This Old Heart of Mine by The Isley Brothers

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This Old Heart of Mine by The Isley Brothers
This Old Heart of Mine by The Isley Brothers

Album Released: 1966

This Old Heart of Mine ::: Artwork

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1.Nowhere To Run2:48
2.Stop! In The Name Of Love2:56
3.This Old Heart Of Mine (Is Weak For You)2:45
4.Take Some Time Out For Love2:26
5.I Guess I'll Always Love You2:45
6.Baby Don't You Do It2:32
7.Who Could Ever Doubt My Love2:40
8.Put Yourself In My Place2:42
9.I Hear A Symphony3:13
10.Just Ain't Enough Love2:15
11.There's No Love Left2:57
12.Seek And You Shall Find3:33


As part of the Tamla Motown stable of artists during the label's busiest period - their mid-to-late sixties peak - The Isley Brothers found themselves playing second fiddle to Motown's premiere acts, acts like The Temptations, The Four Tops, and Smokey Robinson & The Miracles.

This album reflects the Isley's situation at the label to some degree, including as it does the only song that was a major hit specifically written for them whilst at Motown - the title track "This Old Heart of Mine".

Many of the remaining tracks here were either B-sides, or else covers of songs that were big hits for other Motown artists - like Diana Ross & The Supremes and Martha Reeves & The Vandellas. But as point out in their review of this album, these cover versions by the Isleys were actually 'comparable to, if not better than, the originals', the latter suggestion being one that I'd unreservedly endorse.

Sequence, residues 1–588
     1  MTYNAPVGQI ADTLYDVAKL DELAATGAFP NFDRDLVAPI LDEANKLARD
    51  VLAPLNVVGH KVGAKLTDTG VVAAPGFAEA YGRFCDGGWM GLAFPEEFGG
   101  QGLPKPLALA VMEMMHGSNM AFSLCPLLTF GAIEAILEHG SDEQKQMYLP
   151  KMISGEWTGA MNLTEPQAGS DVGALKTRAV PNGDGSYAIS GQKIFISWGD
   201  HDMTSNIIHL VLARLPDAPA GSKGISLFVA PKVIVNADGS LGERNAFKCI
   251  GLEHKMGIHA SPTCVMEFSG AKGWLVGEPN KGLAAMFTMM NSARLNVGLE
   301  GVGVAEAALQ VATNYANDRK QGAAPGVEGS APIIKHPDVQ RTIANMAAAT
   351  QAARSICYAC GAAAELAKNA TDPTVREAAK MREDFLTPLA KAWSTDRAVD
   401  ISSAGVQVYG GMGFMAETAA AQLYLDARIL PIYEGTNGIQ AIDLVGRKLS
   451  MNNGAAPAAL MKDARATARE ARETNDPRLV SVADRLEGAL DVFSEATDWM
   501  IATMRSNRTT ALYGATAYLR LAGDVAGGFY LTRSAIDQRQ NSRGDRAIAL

Because in spite of their relatively low profile at Motown, in purely interpretive terms The Isley Brothers were to my mind the most talented act on the label, and out of the myriads of Motown releases that I must've listened to over the years, this album is the one release that has remained in my collection throughout, and has turned out to be by far the most durable.

That's in part because it's made up of consistently good quality material of course, but more importantly even than that is that The Isley Brothers' renditions of these songs somehow infuse them with a depth that was missing from the originals, and so elevated them beyond the level of mere pop music.

The sheer anguish that is often present in the singing here is what adds a whole new dimension to these songs, the emotional yearnings expressed in the lyrics are made all the more intense by the the way they are delivered. And that bitter-sweet angst (that incidentally, is cleverly conveyed by that vast black border around the sleeve-art too) would've been a dividend of The Isley Brothers' lengthy career prior to signing to Motown, an apprenticeship that was rooted in black Gospel music, followed by doo-wop and early rock'n'roll, and so those musical flavourings are subtly incorporated into the performances here, to great positive effect.

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by Reviewer: bluemoon